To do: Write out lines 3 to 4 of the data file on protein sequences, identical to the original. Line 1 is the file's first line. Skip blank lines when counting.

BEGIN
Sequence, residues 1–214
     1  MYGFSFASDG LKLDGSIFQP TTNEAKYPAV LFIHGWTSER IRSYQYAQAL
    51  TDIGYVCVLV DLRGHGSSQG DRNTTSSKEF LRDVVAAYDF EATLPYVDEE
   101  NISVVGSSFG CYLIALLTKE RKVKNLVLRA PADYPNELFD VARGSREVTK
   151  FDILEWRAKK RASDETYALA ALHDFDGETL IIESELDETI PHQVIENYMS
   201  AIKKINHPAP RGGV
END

    51  TDIGYVCVLV DLRGHGSSQG DRNTTSSKEF LRDVVAAYDF EATLPYVDEE
   101  NISVVGSSFG CYLIALLTKE RKVKNLVLRA PADYPNELFD VARGSREVTK